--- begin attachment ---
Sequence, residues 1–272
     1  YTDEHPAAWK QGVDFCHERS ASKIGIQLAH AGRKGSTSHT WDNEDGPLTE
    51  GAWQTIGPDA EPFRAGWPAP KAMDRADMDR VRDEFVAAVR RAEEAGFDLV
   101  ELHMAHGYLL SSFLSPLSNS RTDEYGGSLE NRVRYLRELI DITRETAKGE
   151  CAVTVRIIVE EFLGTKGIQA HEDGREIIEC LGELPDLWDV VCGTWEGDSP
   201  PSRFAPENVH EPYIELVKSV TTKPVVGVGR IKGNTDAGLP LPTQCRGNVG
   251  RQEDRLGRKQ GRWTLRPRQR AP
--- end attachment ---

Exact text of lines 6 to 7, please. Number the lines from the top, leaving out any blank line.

   201  PSRFAPENVH EPYIELVKSV TTKPVVGVGR IKGNTDAGLP LPTQCRGNVG
   251  RQEDRLGRKQ GRWTLRPRQR AP